By John R. Musick
There is no more beautiful and thrilling tale of early pioneer
days than the story of Helen Patterson. She was born in Kentucky;
but while she was still a child her parents removed to St. Louis
County, Missouri, and lived for a time in a settlement called
Cold Water, which is in St. Ferdinand township. About the year
1808 or 1809, her father took his family to the St. Charles
district, and settled only a few miles from the home of the
veteran backwoodsman, Daniel Boone.
At the time of this last removal, Helen was about eighteen years
of age. She was a very religious girl, and had been taught to
believe that whatever she prayed for would be granted.
Shortly after the family had settled in their new home, bands of
prowling savages began to roam about the neighborhood. The
Indians would plunder the cabins of the settlers during their
absence, and drive away their cattle, horses, and hogs.
One day business called all the Patterson family to the village,
except Helen. She was busily engaged in spinning, when the house
was surrounded by nine Indians. Resistance was useless. She did
not attempt to escape or even cry out for help; for one of the
savages who spoke English gave her to understand that she would
be killed if she did so.
She was told that she must follow the Indians. They took such
things as they could conveniently carry, and with their captive
set off on foot through the forest, in a northwestern direction.
The shrewd girl had brought a ball of yarn with her, and from
this she occasionally broke off a bit and dropped it at the side
of the path, as a guide to her father and friends, who she knew
would soon be in pursuit.
This came very near being fatal to Helen, for one of the Indians
observed what she was doing, and raised his hatchet to brain her.
The others interceded, but the ball of yarn was taken from her,
and she was closely watched lest she might resort to some other
device for marking a trail.
It was early in the morning when Helen was captured. Her parents
were expected to return to the cabin by noon, and she reasoned
that they would be in pursuit before the Indians had gone very
far. As the savages were on foot, and her father would no doubt
follow them on horseback, he might overtake them before dark. The
uneasiness expressed by her captors during the afternoon
encouraged her in the belief that her friends were in pursuit.
A little before sunset, two of the Indians went back to
reconnoiter, and the other seven, with the captive, continued on
in the forest. Shortly after sunset, the two Indians who had
fallen behind joined the others, and all held a short
consultation, which the white girl could not understand.
The conference lasted but a few moments, and then the savages
hastened forward with Helen to a creek, where the banks were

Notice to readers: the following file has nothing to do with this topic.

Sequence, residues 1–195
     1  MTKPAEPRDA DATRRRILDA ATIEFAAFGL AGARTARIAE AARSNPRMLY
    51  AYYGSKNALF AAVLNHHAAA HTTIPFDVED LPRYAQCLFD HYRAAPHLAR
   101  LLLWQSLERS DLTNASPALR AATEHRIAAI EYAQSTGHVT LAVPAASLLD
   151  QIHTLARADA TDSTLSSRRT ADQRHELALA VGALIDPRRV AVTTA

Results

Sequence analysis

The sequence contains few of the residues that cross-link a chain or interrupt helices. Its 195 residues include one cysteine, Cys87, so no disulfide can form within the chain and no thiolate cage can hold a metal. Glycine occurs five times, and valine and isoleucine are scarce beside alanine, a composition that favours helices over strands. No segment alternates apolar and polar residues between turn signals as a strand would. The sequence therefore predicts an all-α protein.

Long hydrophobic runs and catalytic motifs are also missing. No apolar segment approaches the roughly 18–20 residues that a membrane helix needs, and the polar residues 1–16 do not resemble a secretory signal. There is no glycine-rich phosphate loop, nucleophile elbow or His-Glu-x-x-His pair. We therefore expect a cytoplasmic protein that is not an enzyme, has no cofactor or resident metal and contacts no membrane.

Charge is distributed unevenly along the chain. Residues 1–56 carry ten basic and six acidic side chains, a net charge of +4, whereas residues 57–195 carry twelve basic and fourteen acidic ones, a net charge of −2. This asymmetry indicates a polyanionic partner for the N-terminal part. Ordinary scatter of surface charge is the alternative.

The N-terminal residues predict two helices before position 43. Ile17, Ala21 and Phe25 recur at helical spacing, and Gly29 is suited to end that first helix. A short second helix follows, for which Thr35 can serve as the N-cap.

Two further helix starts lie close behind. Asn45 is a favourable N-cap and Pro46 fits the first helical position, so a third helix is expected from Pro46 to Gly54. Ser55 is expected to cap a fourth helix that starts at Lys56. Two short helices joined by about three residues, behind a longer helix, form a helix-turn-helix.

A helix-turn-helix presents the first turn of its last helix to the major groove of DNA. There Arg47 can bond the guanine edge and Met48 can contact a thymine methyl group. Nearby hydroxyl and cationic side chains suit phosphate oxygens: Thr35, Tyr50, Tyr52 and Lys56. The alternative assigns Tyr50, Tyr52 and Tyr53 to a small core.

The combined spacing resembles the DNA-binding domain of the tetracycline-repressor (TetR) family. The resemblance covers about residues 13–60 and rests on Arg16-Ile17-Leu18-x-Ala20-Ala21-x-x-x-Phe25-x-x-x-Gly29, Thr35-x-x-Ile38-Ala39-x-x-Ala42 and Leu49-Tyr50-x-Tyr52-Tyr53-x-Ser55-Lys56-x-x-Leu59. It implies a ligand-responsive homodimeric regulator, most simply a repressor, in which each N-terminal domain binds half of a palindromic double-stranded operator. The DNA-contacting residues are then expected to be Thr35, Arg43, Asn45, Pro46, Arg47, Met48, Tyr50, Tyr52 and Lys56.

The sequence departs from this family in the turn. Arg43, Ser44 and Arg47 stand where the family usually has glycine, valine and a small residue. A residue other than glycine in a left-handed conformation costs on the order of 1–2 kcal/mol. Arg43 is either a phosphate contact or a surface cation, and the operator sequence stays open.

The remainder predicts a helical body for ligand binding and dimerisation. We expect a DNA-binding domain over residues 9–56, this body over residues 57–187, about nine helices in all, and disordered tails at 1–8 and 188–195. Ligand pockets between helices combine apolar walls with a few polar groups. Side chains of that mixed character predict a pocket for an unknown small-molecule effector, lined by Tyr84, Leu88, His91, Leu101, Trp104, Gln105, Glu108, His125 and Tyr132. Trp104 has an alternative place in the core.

sloping, and the water shallow enough for them to wade the
stream. By the time they had crossed, it was quite dark. The
night was cloudy, and distant thunder could occasionally be heard.
The Indians hurried their captive to a place half a mile from the
ford, and there tied her with strips of deerskin to one of the
low branches of an elm. Her hands were extended above her head,
and her wrists were crossed and tied so tightly that she found it
impossible to release them. When they had secured her to their
own satisfaction, the Indians left her, assuring her that they
were going back to the ford to shoot her father and his
companions as they crossed it.
Helen was almost frantic with fear and grief. Added to the
uncertainty of her own fate was the knowledge that her father and
friends were marching right into an Indian ambuscade.
In the midst of her trouble, she did not forget her pious
teaching. She prayed God to send down his angels and release her.
But no angel came. In her distress, the rumbling thunders in the
distance were unheard, and she hardly noticed the shower until
she was drenched to the skin.
The rain thoroughly wet the strips of deerskin with which she was
tied, and as they stretched she almost unconsciously slipped her
hands from them. Her prayer had been answered by the rain. She
hastily untied her feet, and sped away toward the creek. Guided
by the lightning's friendly glare, she crossed the stream half a
mile above the ford, and hastened to meet her father and friends.
At every flash of lightning she strained her eyes, hoping to
catch sight of them. At last moving forms were seen in the
distance, but they were too far away for her to determine whether
they were white men or Indians. Crouching down at the root of a
tree by the path, she waited until they were within a few rods of
her, and then cried in a low voice,"Father! Father!"
"That is Helen," said Mr. Patterson.
She bounded to her feet, and in a moment was at his side, telling
him how she had escaped. The rescuing party was composed of her
father and two brothers, a neighbor named Shultz, and Nathan and
Daniel M. Boone, sons of the great pioneer, Daniel Boone.
She told them where the Indians were lying in ambush, and the
frontiersmen decided to surprise them. They crossed the creek on
a log, and stole down to the ford, but the Indians were gone. No
doubt the savages had discovered the escape of the prisoner, and,
knowing that their plan to surprise the white men had failed,
became frightened and fled.
Helen Patterson always believed it was her prayers that saved her
father, her brothers, and herself in that trying hour.
--From "Stories of Missouri."
Veteran, long experienced.
Shrewd, artful, cunning.
Interceded, stepped in between, prevented.
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